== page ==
The Miami Herald reports on the infestation of peacocks in the Miami suburb of Coconut Grove and other neighborhoods, including my own.
Beneath the oak canopy, residents who lived for decades in a cozy, peaceful, jasmine-scented corner of north Coconut Grove walked dogs, tended gardens, exchanged recipes and followed the love-thy-neighbor commandment.
Then the peacocks moved in. And multiplied. When they weren’t fanning their regal plumage they produced prodigious piles of poop. They howled and shrieked at all hours. They pecked at the shiny paint of cars — birdbrains who mistook their reflection for a rival. They ate flowers. They pried off roof shingles. They paraded in packs. They roosted in trees and dug dusty holes in green lawns. They had chicks, who grew into defecating, squawking, scratching, denuding adults.
Double-decker tour buses began rolling through the lush lanes, disgorging passengers who took pictures and dropped cigarette butts in front yards.
Today, the neighborhood stands divided. A nasty feud has pitted those who adore and feed cat food to the pretty peacocks they’ve nicknamed Cookie and Peg Leg Pete against those who loathe and shun the nuisance birds. They have called the cops, accusing neighbors of poisoning or abusing peacocks. They’ve tattled to code enforcement for revenge.
“Arguments, insults, fistfights — it’s out of control, just like the peacock population is out of control,” said Frank Cabreja, former chair of the Coconut Grove Quality of Life Coalition who lives on Natoma Street. “Our street is an example of the conflict between people who think they are cute and people like me who see this as a serious health and hygiene problem. If we were talking about ugly rats instead of beautiful birds, something would be done. Let’s not wait until there’s a horrible incident between emotional neighbors.”
All because of the peacock, or — to use the less sexist term that includes peahens — peafowl, which is the national bird of India, a spectacular creature with its iridescent blue and green coloring, long tail feathers with distinctive eye markings and crowned head that makes it look like a bejeweled invitee to a royal ball.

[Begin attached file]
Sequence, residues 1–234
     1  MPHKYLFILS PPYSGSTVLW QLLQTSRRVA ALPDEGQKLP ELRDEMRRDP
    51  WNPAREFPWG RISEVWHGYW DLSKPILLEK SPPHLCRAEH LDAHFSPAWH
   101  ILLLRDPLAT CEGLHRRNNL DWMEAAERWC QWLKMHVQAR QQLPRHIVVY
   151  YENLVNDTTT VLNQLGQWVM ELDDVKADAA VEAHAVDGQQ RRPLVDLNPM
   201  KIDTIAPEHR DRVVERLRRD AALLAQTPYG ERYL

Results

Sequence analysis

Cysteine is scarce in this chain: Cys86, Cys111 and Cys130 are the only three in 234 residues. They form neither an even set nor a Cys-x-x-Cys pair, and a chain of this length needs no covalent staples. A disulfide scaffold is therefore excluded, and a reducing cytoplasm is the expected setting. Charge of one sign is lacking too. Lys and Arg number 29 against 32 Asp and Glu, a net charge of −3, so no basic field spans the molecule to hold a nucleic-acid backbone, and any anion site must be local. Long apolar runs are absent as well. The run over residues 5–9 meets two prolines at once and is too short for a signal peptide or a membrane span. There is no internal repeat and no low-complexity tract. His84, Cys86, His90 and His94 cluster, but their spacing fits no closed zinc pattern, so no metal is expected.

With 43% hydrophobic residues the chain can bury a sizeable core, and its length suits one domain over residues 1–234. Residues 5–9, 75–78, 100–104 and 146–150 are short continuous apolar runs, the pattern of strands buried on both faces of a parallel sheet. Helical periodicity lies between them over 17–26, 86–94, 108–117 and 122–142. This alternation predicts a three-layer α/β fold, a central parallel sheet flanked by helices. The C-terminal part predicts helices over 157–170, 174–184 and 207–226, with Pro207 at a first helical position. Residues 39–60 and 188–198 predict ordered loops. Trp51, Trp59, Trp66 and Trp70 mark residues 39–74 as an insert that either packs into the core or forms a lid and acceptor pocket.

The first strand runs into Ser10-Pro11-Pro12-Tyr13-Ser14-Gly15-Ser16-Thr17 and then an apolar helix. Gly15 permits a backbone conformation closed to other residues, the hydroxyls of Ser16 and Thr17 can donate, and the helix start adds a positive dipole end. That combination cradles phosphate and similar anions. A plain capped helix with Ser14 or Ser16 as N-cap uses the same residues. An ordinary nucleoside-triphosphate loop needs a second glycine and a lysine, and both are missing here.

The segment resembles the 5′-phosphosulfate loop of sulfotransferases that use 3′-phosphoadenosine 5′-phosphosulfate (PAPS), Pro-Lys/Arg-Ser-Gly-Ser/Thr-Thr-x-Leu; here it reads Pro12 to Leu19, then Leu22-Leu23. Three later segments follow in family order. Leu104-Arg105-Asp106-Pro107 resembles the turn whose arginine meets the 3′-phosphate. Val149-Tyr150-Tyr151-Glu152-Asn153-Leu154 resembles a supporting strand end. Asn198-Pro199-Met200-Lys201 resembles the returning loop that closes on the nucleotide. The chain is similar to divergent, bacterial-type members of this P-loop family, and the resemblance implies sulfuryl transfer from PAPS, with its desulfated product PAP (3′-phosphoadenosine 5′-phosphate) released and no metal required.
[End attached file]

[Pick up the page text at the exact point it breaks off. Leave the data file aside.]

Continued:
The peacock was likely introduced to the Grove by homeowners who wanted a stunning yard ornament. They’ve proliferated to Coral Gables, Key Biscayne, up north to El Portal, down south to Palmetto Bay, causing tension wherever they flock.
Nobody from the city of Miami, Miami-Dade County or state seems to know what to do about them because the city is considered a bird sanctuary and county law prohibits tampering with eggs or trapping and removing peafowl unless they are transferred to a protected place.
Even Ron Magill, the Zoo Miami communications director who would never hurt a fly —and would probably build a fly conservation area if he could — does not understand the preoccupation with feeding wild peacocks — an absolute no-no. Like pythons and lionfish, peafowl are non-native species that have upset the equilibrium of nature — and neighborhoods.
“South Florida is a Club Med for exotic, invasive animals,” he said. “People think that instead of a plastic pink flamingo they can have a peacock in their yard. But peacocks do not belong here. They are vectors for disease and parasite transmission, property damage and noise pollution. They have no natural predators. Birds are the most aggressive vertebrates on the planet. Through no fault of their own, these beautiful chickens have become pests.
“Everyone’s heart is in the right place, but even the most passionate animal lover will lose his patience when he slips and falls in peacock feces.”
Cathy Moghari is an animal lover. Her neighbors call her the Peacock Whisperer. At least a dozen peafowl make their home at her home on Crystal Court. They eat sunflower seeds out of her hand and come to her when she clucks her tongue.
“I think of it as a gift to wake up and see these guys in the morning,” said Moghari, calling Blue by name. “It’s kind of a paradise here, and if you can’t bond with nature in the Grove you should live in a high-rise.”
The solution is to round up all the nuisance peafowl and enclose them in the yards of the people in Coconut Grove who feed them. If they love them so much let them have them and see how long it takes for them to get that murderous gleam in their eyes after they scratch the paint off their car or kill their dog.